This Tuesday, the Trump administration released a task force report on the “United States Postal Service: A Sustainable Path Forward.” In April, President Trump created the task force out of concern that the USPS was charging Amazon and possibly other companies’ rates for delivering their packages that did not cover USPS costs. In fiscal year 2017, USPS lost $2.7 billion despite revenues of $69.6 billion. This is part of a decades-long trend as businesses and consumers rely more on electronic communications for needs once served more by traditional first-class and other mail.
The following statements from Edward Hudgins, postal policy expert and research director for The Heartland Institute — a free-market think tank — may be used for attribution. For more comments, refer to the contact information below. To book a Heartland guest on your program please contact Media Specialist Billy Aouste at [email protected] and 312/377-4000.
“Ecommerce is an American success story. Amazon and similar companies provide every imaginable good to consumers at great prices.
“USPS revenues from delivering ecommerce packages have increased over the past decade. By law, the prices USPS charges to deliver such packages must cover all direct, ‘attributable’ costs, such as the time a mail carrier spends delivering such packages, and a share of USPS overhead costs for facilities and employees who must be paid regardless of the number of packages delivered. The Postal Rate Commission certifies that the USPS meets these pricing criteria.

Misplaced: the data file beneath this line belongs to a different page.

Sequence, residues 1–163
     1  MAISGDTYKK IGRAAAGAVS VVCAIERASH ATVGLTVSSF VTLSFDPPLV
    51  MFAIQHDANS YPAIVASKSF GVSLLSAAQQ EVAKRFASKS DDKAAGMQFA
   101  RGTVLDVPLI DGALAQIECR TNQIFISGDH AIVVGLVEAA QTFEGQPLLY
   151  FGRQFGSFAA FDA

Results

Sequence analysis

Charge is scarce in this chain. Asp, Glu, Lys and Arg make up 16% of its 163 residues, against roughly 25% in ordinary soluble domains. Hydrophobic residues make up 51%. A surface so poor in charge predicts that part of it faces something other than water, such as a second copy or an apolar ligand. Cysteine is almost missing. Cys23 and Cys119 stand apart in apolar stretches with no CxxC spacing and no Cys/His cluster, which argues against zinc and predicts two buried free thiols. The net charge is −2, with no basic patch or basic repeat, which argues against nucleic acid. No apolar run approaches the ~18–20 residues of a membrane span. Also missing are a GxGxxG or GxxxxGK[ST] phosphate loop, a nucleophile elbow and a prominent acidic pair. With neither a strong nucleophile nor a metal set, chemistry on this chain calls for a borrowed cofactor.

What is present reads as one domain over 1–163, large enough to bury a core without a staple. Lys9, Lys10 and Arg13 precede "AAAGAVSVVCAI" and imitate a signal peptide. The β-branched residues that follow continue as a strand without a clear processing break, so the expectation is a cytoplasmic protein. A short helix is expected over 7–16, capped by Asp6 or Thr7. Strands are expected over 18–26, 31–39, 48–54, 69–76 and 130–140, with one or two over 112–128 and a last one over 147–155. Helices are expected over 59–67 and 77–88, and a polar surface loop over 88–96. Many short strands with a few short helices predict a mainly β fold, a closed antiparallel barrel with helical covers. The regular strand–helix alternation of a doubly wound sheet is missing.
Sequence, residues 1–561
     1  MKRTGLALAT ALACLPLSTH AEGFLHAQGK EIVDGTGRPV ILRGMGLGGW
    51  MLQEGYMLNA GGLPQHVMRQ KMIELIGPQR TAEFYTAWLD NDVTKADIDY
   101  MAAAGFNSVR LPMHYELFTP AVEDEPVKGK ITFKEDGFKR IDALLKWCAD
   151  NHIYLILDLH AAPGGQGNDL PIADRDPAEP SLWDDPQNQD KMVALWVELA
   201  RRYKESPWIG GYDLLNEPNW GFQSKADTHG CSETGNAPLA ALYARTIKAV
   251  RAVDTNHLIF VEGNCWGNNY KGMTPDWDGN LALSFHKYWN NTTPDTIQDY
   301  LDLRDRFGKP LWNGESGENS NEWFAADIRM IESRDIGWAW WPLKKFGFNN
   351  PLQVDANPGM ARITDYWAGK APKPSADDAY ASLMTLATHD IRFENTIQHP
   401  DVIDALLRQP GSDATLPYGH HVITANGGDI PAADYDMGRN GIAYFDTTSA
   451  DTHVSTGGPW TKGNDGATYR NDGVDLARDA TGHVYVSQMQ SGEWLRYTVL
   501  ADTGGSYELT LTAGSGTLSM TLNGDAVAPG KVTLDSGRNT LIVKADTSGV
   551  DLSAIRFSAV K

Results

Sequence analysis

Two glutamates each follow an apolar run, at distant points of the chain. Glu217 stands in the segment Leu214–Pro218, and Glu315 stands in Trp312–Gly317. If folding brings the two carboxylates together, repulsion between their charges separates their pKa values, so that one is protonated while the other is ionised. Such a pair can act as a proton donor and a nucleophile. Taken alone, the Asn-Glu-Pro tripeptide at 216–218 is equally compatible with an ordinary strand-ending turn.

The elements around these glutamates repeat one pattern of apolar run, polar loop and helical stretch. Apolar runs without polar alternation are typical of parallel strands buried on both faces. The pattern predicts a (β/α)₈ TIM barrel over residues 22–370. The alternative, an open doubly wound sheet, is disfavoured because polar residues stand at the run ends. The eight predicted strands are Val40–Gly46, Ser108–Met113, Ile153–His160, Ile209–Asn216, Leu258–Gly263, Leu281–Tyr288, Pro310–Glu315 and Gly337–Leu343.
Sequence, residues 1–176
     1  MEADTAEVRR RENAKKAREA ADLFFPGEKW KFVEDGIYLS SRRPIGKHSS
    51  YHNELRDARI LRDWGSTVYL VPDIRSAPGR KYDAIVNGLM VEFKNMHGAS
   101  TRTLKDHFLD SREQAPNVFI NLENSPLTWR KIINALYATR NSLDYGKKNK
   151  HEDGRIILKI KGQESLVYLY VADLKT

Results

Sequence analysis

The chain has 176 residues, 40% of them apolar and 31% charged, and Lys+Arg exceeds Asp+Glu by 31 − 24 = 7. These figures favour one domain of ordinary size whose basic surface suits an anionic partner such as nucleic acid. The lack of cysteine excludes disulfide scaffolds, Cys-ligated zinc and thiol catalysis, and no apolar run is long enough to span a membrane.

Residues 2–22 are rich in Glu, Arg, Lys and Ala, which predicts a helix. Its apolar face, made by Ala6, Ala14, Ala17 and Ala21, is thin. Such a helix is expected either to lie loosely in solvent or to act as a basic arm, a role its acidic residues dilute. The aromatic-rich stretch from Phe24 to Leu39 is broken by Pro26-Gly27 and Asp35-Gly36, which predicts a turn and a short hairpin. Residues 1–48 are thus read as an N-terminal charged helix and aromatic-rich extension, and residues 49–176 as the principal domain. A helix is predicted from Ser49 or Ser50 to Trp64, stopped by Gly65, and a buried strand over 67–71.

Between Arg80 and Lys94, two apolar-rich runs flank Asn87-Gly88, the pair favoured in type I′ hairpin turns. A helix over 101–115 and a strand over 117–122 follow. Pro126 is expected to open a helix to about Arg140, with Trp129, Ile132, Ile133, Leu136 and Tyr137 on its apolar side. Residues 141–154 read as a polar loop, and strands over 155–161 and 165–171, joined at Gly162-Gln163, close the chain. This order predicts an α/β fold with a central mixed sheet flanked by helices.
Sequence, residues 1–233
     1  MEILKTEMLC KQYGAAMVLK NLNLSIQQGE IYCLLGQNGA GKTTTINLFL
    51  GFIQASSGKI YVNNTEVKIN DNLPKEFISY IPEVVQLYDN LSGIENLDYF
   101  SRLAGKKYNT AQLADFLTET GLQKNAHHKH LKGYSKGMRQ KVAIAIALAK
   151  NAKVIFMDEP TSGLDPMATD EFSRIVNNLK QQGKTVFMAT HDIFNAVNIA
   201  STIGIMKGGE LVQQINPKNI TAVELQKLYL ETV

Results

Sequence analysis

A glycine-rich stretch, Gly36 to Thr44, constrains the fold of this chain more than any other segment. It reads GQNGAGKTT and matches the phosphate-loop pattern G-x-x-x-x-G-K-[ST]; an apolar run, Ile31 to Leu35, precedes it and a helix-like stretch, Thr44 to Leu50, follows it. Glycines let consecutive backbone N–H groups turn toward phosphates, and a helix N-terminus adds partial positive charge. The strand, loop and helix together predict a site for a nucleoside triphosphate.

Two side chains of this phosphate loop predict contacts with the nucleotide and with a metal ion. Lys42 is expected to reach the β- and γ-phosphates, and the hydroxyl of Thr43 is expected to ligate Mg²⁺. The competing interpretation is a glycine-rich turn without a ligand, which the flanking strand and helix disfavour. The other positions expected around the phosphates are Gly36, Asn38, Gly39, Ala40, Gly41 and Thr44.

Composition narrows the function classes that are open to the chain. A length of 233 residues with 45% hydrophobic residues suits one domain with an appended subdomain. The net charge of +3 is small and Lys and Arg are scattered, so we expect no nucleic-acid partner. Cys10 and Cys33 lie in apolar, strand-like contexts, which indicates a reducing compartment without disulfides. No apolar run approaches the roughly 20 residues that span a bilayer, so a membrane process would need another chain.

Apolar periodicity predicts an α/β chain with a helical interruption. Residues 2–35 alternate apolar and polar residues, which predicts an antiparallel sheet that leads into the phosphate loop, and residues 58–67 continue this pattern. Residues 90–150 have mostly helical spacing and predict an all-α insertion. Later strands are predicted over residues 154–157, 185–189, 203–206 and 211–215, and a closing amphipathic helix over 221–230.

“However, the task force bends over backwards to advocate a mechanism that could force the USPS to raise rates on companies like Amazon that already are carrying their share of USPS expenses. It suggests providing ‘full price transparency for all package services in order to reduce market distortion.’ Right now, companies like Amazon negotiate confidential discounts based on the business volume they bring to the USPS. This is not ‘market distortion.’ It’s good business practice. The task force also recommends creating a new package pricing model, a thinly veiled attempts to build in more ways to require companies like Amazon to hand over more money to the USPS.
“Of course, it is really consumers and small businesses, especially in America’s heartland, that will be harmed while some private express carriers gain. Moreover, charging ecommerce companies artificially higher rates in the long term can slow revenues to the USPS as customers slow their use or as Amazon and others further build out their own delivery system outside of the USPS.”
Hudgins is the editor of “The Last Monopoly: Privatizing the Postal Service for the Information Age” and “Mail @ the Millennium: Will the Postal Service Go Private?” as well as co-author on a White Paper on “Restructuring the U.S. Postal Service The Case for a Hybrid Public-Private Partnership.”